Then comes the benefit to be derived by the State, in having these personally interested wardens to supplement the efforts made by the State to preserve and protect the game which annually brings so large an income into the State, besides furnishing employment to hundreds of men in a legitimate business of guiding sportsmen.

That this law is wise and just almost everyone at this time admits. That it is constitutional no one doubts at the present time, the highest court in the country, in an opinion written by Chief Justice Fuller of the United State Supreme Court, having decided that the game of a state is the property of that state, and any restrictions which the supreme authority may determine, may be placed upon the taking of it.

No man or party should be allowed to traverse or camp in the game preserves of the State with firearms in close time without a registered guide. The use of Winchester rifles for fish poles rods has become altogether too common. Hundreds of parties are found camping in the forests of Maine every year in July, August and September, and in nearly every instance have rifles and kill deer; nor is it possible to prevent it. No warden system we have ever had, or can hope to have under present conditions, can reach and prevent this state of affairs. The guides can stop it, and it is argued with great plausibility, that if it was lawful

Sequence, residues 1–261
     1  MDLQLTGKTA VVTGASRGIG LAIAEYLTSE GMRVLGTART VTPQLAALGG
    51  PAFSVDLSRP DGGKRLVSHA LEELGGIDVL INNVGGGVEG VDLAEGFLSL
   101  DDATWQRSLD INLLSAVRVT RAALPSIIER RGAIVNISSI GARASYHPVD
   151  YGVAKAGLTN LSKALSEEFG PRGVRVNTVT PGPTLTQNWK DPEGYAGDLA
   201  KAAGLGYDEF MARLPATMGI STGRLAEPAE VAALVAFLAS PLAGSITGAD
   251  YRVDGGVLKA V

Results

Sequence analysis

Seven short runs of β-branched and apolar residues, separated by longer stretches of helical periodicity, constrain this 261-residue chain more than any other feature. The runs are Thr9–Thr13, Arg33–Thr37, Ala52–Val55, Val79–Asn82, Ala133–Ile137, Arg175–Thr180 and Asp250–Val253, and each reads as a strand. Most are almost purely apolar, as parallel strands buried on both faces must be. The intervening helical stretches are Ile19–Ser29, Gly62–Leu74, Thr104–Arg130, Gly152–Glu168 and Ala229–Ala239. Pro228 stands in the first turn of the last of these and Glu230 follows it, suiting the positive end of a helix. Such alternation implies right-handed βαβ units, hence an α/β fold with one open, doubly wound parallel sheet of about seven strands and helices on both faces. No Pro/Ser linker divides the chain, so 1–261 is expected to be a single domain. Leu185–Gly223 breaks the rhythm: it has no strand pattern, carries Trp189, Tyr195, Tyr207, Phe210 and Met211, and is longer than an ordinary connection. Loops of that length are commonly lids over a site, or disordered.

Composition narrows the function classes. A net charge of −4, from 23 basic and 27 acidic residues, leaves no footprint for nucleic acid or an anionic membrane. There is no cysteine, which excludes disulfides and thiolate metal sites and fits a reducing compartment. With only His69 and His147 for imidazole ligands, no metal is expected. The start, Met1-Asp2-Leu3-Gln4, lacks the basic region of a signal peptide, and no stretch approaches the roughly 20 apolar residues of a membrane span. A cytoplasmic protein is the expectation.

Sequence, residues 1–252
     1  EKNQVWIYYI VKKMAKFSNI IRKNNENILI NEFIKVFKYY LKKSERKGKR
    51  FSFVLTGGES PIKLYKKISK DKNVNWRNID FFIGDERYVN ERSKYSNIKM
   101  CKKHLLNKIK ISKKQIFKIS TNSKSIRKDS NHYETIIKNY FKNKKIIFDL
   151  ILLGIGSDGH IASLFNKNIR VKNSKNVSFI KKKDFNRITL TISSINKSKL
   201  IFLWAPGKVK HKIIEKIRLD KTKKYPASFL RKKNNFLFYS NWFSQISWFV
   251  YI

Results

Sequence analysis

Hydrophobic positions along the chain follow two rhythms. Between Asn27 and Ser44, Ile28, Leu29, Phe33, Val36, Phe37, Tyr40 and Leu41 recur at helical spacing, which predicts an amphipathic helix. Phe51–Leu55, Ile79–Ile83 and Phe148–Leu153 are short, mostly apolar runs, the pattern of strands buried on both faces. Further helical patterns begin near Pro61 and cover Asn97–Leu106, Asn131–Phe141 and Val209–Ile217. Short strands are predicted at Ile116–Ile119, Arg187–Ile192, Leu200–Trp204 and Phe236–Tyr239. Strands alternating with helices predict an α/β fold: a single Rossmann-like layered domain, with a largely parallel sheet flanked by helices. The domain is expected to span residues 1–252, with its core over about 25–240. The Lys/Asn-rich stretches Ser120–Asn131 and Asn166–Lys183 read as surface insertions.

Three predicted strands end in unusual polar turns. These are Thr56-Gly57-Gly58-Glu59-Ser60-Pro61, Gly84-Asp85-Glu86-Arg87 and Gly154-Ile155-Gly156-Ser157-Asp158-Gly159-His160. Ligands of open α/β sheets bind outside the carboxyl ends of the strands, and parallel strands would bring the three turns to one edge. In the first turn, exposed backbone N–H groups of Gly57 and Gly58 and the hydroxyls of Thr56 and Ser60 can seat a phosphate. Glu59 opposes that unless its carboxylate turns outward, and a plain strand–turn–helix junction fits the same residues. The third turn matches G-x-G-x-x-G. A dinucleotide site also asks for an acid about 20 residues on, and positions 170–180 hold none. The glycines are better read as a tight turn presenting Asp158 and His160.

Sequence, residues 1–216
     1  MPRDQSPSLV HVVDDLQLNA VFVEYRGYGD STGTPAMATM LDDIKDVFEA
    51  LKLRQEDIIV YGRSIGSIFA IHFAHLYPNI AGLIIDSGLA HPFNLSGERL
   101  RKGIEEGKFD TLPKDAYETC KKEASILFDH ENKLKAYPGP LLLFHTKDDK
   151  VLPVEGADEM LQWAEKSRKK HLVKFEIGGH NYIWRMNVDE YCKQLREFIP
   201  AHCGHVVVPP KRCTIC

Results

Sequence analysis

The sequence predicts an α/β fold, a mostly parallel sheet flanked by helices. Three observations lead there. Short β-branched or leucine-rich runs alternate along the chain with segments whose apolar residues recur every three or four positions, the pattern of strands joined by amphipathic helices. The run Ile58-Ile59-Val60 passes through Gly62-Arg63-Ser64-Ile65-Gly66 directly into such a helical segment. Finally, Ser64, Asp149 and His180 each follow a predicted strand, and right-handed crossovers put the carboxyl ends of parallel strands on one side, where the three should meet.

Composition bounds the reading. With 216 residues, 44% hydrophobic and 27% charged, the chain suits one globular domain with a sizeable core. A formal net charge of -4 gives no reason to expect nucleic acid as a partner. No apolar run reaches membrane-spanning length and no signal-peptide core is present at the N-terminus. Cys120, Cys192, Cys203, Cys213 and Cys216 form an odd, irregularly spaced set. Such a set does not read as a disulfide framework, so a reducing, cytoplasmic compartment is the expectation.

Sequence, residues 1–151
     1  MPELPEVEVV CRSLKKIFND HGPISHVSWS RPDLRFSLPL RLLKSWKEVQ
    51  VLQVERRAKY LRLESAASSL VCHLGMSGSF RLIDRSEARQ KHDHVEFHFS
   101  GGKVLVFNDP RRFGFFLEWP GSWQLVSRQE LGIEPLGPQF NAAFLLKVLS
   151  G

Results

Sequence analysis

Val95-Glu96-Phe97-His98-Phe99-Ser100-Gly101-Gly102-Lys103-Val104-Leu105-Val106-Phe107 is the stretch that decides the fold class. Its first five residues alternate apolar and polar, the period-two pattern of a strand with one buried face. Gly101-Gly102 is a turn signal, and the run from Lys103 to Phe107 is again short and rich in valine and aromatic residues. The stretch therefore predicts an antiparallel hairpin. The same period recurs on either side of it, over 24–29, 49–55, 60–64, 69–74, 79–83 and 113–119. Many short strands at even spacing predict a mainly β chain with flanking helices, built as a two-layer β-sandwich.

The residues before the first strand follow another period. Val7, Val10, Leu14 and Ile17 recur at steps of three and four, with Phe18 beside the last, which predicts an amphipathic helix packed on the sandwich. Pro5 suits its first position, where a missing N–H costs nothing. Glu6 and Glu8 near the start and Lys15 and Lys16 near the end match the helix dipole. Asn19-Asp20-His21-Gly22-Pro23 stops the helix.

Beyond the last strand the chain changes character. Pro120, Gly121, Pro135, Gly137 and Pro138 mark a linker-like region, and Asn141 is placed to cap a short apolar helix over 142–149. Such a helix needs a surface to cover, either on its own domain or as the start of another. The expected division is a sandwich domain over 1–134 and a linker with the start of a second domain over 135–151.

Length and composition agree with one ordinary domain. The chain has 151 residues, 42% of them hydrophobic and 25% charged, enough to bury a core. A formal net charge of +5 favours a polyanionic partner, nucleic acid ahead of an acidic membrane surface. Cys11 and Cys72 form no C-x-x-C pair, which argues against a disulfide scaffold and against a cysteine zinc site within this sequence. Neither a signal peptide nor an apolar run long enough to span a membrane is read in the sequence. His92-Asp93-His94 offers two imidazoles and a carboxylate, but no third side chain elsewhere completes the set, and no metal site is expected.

to take deer during these months for food purposes only, under such rules and regulations as the Commissioners should from time to time establish, that the guides would be relieved of being parties accessory to the illegal killing, and would see to it that the law was obeyed, and that no more deer would be killed during these months than are now, and the State would derive many thousands of dollars income for deer thus taken.

We are pleased to report that so far as summer killing of moose is concerned, the guides are almost all of them against it, and are willing to join with us to prevent it as far as possible.

It is otherwise with the summer killing of deer for food purposes, and also of moose during the two weeks preceding open season; many guides seem willing to assist their employers in this illegal killing. This is a lamentable fact, causing us a great deal of trouble and expense.